Mactan-Cebu International Airport takes off due to PPP deal with GMR

LAPU-LAPU CITY—Some P35 billion have been infused for the modernization of the Mactan-Cebu International Airport (MCIA) here.

The amount shows a stark contrast to the P15.35 billion that President Aquino approved for the Clark International Airport’s (CIA) new terminal to be finished in 2022.

Andrew Acquaah-Harrison, chief executive advisor of GMR Megawide, said MCIA is presently handling 7.1 million passengers annually, but in the fourth year of its modernization, MCIA will be handling 11 million passengers and will have a terminal capacity for 12.5 million.

The CIA is presently handling close to 1 million passengers in its terminal which has a capacity of 4 million and with the completion of the first phase of the new terminal in 2017 will add another 3 million.

Harrison said GMR has taken over the MCIA operation and upgrade after winning the bid and signing a public-private partnership (PPP) agreement with the government in November 2014.

The CIA’s new terminal is fully funded by the national government in the General Appropriations Act  in contrast to the MCIA’s PPP.

Harrison said that at present, MCIA is handling 260 flights per day and 12 to 13 movements per hour, which is an improvement after only less than a year of their operations.

Harrison said Hyderabad International Airport, also known as Rajiv Gandhi International Airport was the first airport developed by GMR in India.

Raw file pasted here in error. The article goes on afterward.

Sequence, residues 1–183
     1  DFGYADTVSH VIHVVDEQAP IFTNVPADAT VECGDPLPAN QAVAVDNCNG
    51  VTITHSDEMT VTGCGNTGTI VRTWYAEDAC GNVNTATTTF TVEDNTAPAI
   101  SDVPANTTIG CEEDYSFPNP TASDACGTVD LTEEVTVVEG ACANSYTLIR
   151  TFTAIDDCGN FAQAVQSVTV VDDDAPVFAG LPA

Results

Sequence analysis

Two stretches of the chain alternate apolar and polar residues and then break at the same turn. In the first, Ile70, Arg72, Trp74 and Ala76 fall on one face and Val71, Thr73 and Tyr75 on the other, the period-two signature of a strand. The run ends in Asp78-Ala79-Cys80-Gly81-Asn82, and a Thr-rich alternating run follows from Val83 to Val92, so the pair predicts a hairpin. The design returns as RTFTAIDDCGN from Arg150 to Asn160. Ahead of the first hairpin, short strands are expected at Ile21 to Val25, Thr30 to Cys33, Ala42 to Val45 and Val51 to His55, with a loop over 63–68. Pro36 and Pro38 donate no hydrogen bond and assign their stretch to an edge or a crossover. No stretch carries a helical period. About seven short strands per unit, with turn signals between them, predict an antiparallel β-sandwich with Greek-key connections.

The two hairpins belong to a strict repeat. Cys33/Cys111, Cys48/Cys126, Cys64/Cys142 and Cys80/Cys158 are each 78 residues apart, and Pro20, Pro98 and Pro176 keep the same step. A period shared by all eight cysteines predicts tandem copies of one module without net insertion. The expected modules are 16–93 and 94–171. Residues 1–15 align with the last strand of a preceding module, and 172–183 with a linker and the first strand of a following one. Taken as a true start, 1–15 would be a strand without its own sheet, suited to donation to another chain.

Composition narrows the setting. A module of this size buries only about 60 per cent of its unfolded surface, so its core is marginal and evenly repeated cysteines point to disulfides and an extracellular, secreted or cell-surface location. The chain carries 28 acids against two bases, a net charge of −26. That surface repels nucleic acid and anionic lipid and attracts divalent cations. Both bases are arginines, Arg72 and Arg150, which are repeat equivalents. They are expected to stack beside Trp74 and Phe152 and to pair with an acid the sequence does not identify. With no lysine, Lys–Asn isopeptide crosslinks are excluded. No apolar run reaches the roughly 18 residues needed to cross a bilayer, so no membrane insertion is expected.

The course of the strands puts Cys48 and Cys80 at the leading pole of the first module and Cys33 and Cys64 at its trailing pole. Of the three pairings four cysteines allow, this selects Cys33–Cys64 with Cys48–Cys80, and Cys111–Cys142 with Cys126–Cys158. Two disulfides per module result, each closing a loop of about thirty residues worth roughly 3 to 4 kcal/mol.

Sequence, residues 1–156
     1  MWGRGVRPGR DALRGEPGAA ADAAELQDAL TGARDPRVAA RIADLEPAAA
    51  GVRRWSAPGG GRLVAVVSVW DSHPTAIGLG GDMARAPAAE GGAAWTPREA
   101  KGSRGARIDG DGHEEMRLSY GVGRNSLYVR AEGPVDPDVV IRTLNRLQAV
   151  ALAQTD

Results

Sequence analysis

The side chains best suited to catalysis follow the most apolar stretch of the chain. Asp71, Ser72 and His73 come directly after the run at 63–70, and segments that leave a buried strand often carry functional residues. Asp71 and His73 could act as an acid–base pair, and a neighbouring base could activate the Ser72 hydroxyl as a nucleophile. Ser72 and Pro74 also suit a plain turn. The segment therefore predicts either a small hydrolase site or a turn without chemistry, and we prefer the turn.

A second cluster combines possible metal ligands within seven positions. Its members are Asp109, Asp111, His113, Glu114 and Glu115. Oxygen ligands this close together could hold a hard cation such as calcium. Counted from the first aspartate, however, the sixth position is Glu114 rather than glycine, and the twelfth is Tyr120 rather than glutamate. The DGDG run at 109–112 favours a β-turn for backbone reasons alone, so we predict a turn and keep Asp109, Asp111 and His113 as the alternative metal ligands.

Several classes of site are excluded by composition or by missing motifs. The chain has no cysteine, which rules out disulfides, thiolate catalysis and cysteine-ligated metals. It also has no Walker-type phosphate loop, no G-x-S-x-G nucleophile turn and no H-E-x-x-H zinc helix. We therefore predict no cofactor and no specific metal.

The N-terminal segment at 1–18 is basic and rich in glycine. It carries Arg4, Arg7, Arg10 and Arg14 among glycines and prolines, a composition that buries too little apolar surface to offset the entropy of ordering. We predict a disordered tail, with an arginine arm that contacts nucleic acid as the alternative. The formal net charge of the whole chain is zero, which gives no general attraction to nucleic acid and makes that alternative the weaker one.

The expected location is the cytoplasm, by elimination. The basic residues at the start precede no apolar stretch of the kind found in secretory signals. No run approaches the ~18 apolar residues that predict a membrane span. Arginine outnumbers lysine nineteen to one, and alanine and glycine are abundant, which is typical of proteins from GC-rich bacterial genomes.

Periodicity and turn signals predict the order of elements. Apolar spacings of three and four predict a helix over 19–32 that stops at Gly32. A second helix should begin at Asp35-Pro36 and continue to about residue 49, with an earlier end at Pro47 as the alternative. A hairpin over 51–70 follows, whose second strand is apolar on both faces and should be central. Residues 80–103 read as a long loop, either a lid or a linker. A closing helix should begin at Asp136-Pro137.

Harrison said PPP is an advocacy.

“I’m not saying that everybody should believe in it, but what we want to demonstrate is PPP is a successful route to economic growth and development and you will see that our story is a testimony to that success,” he said.

“Let’s not forget that the airport hub is a business and in this business, 66.67 percent of our income comes from aeronautical, anything to do with aircraft airline passenger charges. Nonaeronautical is retail that’s around 29.99 percent and around 3 1/2 percent comes from innovation, like advertising and other creative ideas,” he added.

“And in order to remember that, we have to focus on the needs of the airlines,” he stressed. Often people mistake an airport customer to be the passengers. It is not, he pointed out.

“Airports’ primary customers are the airlines because without the airlines there are no passengers,” he said. “People will not show up at the airport and say we’re gonna travel to Mactan because the staff there are really nice but they travel because they have a particular airline they fly with,” he explained.

“Concessionaires and businesses, they are important stakeholders in the airport community and they have to feel that they are part of the airport, and of course, passengers,” he said.

All of that translate into an airport product which is user experience,” he added.

“Our view is we must focus on this user experience, and if we focus on that, we will be successful and we will be profitable, but if we focus just on profitability and ignore this user experience we won’t succeed.

“We see ourselves as part of the tourism ecosystem working with local governments, resorts, hotels, tour operators, the Department of Tourism to market Cebu more aggressively,” he said.

“So for example, we are planning a road show in China to visit six cities where we can demonstrate the beauty of the Philippines, how close it is to get to the Philippines and the affordability of the Philippines.”

Harrison said, “We will try to put the Philippines on the map in the way perhaps very different on how it was done so far, but that’s not to undermine the efforts that were put in before.” He said if these efforts will not be made, “the capacity of the airport can never be realized.”




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